Goodbye from Our Seniors: Free at Last – Sort Of

May 5, 2016

Culture, News, The Zoetics

As seniors begin wrapping up their last few days as ASK Scholars, we asked a few of them to leave some parting words of wisdom for the underclassmen. Below, Nick Newton reflects on life after ASK.

Read Devon Blanchard’s letter here.

Read Sadina Tarbox’s letter here.

Read Johanna Poirier’s letter here.

Read Marilyn Cope’s letter here.

Read Cole Feltman’s letter here.

Read Quinton Valencia’s letter here.


Life after high school; a life we all talk and dream about. A life that seems so far and unreachable. After being yelled at and told what to do for 18 years, I never imagined how it might feel for those dreams to come true:  Not having to go to school or worry about coming home at a certain time; having more freedom than we should ever be allowed,  and not even knowing what to do with it.

I have big dreams to fill every day with fun things to do with my friends after graduation; all of these crazy things we all say we are going to do, knowing that we will never actually do it; we just say it in passing. Then reality hits, as we realize that all of those plans are ridiculous and won’t work out, and after graduation, many of us will probably find ourselves sitting on the couch by ourselves, bored out of our minds.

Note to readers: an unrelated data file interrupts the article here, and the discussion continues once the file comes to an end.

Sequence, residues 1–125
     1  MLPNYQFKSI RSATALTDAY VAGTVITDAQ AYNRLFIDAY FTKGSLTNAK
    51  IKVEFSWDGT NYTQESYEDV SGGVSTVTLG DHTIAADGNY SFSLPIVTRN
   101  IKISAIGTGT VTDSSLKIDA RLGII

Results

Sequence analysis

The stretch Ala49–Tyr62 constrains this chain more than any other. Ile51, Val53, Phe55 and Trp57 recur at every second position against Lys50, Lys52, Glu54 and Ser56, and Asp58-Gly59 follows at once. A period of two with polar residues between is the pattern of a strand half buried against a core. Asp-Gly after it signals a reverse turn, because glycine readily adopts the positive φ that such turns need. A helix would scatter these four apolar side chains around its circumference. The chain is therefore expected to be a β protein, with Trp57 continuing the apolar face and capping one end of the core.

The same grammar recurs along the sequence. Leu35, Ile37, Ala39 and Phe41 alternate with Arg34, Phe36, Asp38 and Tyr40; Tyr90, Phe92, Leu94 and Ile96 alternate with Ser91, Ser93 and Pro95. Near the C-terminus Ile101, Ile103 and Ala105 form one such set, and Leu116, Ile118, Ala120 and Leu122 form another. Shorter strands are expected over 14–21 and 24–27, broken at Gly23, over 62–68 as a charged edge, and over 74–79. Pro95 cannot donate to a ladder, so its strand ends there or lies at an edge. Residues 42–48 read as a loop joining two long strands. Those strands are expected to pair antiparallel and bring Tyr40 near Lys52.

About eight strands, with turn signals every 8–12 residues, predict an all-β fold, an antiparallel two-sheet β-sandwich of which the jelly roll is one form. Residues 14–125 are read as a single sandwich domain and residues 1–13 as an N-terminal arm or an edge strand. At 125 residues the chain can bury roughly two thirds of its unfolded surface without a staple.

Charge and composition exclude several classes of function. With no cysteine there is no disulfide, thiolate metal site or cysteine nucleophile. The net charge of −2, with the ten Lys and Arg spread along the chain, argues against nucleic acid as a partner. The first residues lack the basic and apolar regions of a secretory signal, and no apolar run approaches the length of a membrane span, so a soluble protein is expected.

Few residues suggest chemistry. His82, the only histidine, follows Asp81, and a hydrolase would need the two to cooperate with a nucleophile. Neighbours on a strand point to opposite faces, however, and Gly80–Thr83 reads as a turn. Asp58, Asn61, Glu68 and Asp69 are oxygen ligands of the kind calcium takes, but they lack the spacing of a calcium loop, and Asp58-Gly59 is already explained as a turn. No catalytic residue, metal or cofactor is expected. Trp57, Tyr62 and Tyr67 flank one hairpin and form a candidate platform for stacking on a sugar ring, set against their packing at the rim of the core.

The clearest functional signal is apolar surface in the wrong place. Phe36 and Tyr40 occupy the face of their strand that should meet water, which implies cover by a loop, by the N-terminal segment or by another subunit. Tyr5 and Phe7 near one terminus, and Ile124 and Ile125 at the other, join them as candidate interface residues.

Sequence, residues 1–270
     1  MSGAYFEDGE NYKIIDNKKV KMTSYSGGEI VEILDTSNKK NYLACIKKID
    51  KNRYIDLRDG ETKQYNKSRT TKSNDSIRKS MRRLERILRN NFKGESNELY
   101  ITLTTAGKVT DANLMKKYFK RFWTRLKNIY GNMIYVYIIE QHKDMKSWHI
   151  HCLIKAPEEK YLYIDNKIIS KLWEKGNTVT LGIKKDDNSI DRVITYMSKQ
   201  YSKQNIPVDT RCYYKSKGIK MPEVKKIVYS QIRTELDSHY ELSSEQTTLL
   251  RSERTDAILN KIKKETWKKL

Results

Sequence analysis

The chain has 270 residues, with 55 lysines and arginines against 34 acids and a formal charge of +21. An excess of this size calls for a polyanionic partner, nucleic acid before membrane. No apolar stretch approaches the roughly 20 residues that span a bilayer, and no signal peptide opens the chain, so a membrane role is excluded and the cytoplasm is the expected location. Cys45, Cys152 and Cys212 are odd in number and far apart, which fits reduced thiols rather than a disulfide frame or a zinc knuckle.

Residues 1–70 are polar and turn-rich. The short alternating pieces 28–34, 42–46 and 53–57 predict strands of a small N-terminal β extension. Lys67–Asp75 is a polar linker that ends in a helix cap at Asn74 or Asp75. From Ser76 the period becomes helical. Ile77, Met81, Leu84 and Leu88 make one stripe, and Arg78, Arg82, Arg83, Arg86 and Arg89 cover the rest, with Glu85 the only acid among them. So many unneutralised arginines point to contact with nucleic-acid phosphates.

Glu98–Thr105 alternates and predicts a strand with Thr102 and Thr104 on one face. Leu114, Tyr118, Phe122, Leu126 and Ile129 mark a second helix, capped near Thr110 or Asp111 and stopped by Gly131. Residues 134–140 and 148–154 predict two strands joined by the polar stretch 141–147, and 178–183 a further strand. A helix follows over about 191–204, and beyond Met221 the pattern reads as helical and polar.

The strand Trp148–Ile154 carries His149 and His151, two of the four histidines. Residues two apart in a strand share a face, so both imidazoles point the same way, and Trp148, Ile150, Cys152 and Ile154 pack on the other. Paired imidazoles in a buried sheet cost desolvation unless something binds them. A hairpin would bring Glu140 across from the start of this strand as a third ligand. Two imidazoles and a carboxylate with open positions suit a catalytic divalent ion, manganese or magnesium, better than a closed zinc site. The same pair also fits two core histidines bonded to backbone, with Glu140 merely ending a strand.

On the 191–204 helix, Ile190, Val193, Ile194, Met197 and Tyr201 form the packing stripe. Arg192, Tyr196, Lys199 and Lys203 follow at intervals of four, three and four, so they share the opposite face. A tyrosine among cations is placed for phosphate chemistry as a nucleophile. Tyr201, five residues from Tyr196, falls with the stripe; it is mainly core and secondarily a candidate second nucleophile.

After graduation, for the first couple of days, we will make fun of all the kids that are still in high school. When that gets boring, the whole “reality” thing comes into play. For me, I hope I have plans and work a lot,  so that I’m not bored all summer.

Come June, I will be leaving on a church mission for two years. I hate to say that it makes me nervous or scared, but it does a little. The rules will be strict and I will have little freetime once again. I will have no contact with my friends or anyone but my parents, whom  I can only e-mail once or twice a month. That doesn’t bother me too much, I am more concerned about when I return, trying to catch up with everything like TV shows, current events, and friends. I won’t know if one of them got married or went to college far far away.

When I return from my mission, I will head off to college in Rexburg, Idaho.  I will again be at a new school — one with a lot of women — and back to not knowing anyone again. I know the rules are more strict in college, but I will once again have freedom, and that will be weird. But it will be fine; most of us in the class of 2016 will adapt, and help society progress.

Nicholas Newton

Senior heading to BYU-I



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